Key Notes Vol. 02 No. 04

Direct Mail Study Reveals Key Insights on the Medium’s Subconscious Influence – Britain’s Royal Mail MarketReach conducted an 18-month comprehensive study into the value of marketing mail combining new and traditional research methods including ethnography, neuroscience, quantitative, interviews and analysis. The Private Life of Mail report has unveiled some strong statistics that support the use of physical mail for marketing communications. The report says that while digital media has has changed the advertising world, it has not changed basic human nature: “What digital media hasn’t changed is people. We are still physical creatures that thrive on human contact and stimulation. Giving, receiving and handling tangible objects remain deep and intuitive parts of the human experience. In the never-ending stream of two-way virtual communication, sending a direct sensory experience of your brand can mark a pivotal moment in the customer journey.” Source: Marketing

Catalogs, After Years of Decline, Are Revamped for Changing Times – In this digital age when filling a shopping cart requires little more than clicking on a screen, the printed retail catalog keeps vying for a place on the coffee table. From Anthropologie to American Girl, Pottery Barn to Patagonia, retailers are still relying on direct mail even as they spend considerable resources on improving their websites to accommodate the steady increase in online shopping. Some of their catalog forays, however, barely resemble the traditional merchandise book. These days, retailers are employing devices like adventure tales and photo spreads of wildlife to catch a shopper’s eye, hoping to secure purchases online or in a store. After years of decline, the number of catalogs mailed in the United States increased in 2013, to 11.9 billion, according to the Direct Marketing Association, a trade group. While that figure is about 60 percent of what it was at its peak in 2007, some analysts say the recent 1 percent rise in mailed catalogs, coupled with the care retailers are putting into them, may signal something of a renaissance. About 90 million Americans make purchases from catalogs, according to the Direct Marketing Association; nearly 60 percent of them are women. Consumers who receive catalogs spend an average of $850 annually on catalog purchases, according to the American Catalog Mailers Association. Source: NY Times

USPS Files to Increase Some Shipping Prices – In a notice filed with the Postal Regulatory Commission (PRC), the U.S. Postal Service seeks to keep Priority Mail Express and Priority Mail services at their current prices. It is part of the Postal Service’s ongoing pricing strategy to capitalize on strong package growth. Priority Mail is the Postal Service’s flagship Shipping Services product and is a convenient and fast way to send documents and packages requiring expedited transportation and handling. Also, unlike other shipping companies, the Postal Service is not implementing new dimensional weight charges with this pricing proposal, continuing its commitment to deliver the best value for customers. The PRC will review the prices before they are proposed to become effective on April 26, 2015, to determine if prices are consistent with applicable law. For more information click here. Source: Postal Reporter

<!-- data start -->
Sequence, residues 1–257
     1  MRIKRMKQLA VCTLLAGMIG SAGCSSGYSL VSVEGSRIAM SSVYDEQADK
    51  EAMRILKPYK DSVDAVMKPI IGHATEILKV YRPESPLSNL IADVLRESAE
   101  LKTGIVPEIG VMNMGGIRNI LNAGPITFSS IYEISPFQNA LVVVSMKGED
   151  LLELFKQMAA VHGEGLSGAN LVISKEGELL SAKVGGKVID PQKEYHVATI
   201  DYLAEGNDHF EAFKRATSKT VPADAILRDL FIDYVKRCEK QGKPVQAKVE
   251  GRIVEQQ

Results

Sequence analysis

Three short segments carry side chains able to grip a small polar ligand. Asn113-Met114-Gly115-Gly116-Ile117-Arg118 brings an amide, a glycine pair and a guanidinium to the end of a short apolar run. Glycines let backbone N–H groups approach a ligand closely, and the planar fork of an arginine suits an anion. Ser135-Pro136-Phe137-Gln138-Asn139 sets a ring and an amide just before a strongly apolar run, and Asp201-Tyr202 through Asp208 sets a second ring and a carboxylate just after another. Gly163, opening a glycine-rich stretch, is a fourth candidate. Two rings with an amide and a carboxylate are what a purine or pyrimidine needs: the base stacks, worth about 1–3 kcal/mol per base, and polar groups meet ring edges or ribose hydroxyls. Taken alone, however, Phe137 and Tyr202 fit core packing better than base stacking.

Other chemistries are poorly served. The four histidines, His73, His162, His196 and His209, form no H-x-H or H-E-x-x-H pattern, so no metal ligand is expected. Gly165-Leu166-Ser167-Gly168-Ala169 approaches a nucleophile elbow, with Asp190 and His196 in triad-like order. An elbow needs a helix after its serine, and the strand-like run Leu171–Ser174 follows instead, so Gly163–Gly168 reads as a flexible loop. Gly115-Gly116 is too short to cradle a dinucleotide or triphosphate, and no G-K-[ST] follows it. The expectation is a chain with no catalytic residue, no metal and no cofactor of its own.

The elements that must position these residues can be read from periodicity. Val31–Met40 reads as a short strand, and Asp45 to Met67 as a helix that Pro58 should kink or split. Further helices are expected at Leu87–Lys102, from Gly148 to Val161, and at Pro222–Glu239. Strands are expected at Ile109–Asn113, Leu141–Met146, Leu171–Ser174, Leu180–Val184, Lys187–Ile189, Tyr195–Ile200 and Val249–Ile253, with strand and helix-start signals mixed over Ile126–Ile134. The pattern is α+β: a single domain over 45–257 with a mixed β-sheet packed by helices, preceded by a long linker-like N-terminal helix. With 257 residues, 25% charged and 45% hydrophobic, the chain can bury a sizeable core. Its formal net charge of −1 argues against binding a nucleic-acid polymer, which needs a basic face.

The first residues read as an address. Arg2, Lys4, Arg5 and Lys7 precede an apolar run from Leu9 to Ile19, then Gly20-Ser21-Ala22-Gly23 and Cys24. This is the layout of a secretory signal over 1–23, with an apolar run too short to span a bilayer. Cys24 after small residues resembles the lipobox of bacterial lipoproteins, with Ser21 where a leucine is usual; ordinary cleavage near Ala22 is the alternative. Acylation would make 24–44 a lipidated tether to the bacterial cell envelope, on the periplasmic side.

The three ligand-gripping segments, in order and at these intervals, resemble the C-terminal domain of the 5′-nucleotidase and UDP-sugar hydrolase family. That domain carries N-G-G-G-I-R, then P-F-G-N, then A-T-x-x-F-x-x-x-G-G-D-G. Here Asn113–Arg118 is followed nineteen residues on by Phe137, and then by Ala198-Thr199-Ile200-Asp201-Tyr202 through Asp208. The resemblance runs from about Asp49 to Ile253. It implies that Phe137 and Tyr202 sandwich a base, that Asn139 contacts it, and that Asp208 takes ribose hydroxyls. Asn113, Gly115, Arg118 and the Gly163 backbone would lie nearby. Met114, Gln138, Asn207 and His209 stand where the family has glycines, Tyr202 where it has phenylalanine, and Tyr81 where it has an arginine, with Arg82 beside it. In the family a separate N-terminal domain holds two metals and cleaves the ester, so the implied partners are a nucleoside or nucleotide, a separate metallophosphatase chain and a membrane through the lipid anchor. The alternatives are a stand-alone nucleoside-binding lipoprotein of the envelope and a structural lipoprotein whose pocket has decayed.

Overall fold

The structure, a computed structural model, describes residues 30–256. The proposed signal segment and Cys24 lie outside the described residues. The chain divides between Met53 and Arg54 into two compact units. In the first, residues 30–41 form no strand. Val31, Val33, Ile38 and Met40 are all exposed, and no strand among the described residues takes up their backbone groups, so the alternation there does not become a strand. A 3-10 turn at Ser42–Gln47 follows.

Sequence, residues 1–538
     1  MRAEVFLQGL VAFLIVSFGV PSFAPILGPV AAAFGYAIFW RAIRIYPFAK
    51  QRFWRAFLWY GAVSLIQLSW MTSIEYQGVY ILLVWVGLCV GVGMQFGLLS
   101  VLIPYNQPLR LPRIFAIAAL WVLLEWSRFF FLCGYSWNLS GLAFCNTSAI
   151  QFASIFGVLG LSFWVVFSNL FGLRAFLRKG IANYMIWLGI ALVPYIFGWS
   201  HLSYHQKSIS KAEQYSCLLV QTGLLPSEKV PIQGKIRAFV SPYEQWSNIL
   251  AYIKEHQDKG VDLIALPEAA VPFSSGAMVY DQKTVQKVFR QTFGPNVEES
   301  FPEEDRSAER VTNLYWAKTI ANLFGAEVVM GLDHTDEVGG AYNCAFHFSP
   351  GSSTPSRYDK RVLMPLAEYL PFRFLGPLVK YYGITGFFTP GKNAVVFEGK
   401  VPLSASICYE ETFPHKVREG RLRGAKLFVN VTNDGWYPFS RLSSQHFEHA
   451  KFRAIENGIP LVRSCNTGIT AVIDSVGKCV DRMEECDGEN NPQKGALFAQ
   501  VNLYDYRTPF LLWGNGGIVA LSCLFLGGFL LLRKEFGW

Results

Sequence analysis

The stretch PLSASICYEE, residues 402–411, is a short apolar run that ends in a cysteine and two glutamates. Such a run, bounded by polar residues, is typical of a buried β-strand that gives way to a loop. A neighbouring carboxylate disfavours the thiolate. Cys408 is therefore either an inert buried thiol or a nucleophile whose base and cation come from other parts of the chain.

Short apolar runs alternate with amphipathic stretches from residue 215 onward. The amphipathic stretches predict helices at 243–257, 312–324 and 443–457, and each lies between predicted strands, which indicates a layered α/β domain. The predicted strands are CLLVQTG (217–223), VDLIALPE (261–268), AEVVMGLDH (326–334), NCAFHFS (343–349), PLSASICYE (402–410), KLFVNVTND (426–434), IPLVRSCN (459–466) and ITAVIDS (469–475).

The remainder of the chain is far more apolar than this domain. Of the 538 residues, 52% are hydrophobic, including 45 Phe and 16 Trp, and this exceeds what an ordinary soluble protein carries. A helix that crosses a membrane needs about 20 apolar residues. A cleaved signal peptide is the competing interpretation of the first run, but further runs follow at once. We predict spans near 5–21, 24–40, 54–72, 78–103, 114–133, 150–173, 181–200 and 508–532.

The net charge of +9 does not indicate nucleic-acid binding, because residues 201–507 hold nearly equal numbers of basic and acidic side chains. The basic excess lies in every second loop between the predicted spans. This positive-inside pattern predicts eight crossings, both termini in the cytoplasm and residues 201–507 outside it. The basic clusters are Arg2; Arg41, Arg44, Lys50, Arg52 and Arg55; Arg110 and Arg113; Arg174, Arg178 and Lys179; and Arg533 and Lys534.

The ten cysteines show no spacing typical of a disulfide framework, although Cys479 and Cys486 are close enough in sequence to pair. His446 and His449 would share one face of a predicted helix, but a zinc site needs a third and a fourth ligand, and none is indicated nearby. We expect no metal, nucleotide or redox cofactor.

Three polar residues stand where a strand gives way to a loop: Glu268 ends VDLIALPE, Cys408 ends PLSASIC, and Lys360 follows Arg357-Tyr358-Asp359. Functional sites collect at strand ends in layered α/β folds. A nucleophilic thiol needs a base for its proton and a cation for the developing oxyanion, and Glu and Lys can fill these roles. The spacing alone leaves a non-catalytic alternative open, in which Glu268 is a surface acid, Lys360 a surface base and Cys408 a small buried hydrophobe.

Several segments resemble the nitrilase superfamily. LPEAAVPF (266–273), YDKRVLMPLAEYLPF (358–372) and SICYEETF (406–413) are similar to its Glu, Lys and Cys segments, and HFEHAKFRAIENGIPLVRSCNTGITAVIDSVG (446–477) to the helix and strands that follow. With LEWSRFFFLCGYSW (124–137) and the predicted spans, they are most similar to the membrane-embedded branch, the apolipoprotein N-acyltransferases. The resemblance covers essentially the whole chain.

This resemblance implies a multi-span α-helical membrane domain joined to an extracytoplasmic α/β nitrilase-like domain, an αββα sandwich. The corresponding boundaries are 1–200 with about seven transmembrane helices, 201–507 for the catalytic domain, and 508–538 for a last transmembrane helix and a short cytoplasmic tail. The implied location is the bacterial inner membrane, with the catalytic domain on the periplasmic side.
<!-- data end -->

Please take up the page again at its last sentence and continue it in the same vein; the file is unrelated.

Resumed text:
AR in the Enterprise: Opportunities and Challenges – Microsoft’s preview of the HoloLens headset put augmented reality (AR) back in the public eye. It’s still months from becoming a real product, has design issues to solve, and could wind up stumbling like Google Glass, but for now, it’s revved up discussions about just how businesses can take advantage of next-gen augmented interfaces. AR’s ability to combine real-world images with the vast amounts of online data in real time promises to change the way work is done across many industries. Fighter pilots, for example, have long used AR in heads-up displays and, more recently, in their helmets. Doctors increasingly use AR as a visual aid during minimally invasive surgical procedures. Many challenges, of course, still stand between the technology itself and mainstream adoption over the next two to three years, but AR clearly holds promise in the enterprise. [Don’t forget the USPS has a 2015 Promotion targeted at AR.]   Source: Gigaom Research

New Postmaster General Started as Letter Carrier – Megan Brennan began her career with the U.S. Postal Service in 1986 as a letter carrier in Lancaster County, PA. On Sunday, she will assume the organization’s top office as its 74th postmaster general, becoming the first woman to hold the job. “I am deeply honored and humbled to take on this role at such an exciting time for the organization,” Brennan said in a statement. “The Postal Service plays a vital role in America’s society and economy and I’m looking forward to strengthening that role and meeting the demands of a rapidly evolving marketplace in the years ahead.” Source: PennLive

The USPS Long Life Vehicle – That boxy little mail truck in your neighborhood actually has a name. It’s called the LLV, which stands for “Long Life Vehicle” and it, along with 142,000 other LLVs, are responsible for moving most of the 523 million pieces of mail every day. But their long life is coming to an end as the USPS is going deeper into debt [OIG report]. With over $40 billion dollars in unsecured liabilities, the USPS is struggling to prioritize the replacement of its aging fleet. Considering the amount of wear and tear these trucks endure, the LLV really is an amazing testament to the durability of American engineering. However, unlike Forever Stamps…THEY’RE NOT BUILT TO DELIVER FOREVER. Click here to see an amazing infographic including thoughts on future battery operated vehicle. Source: Great Business Schools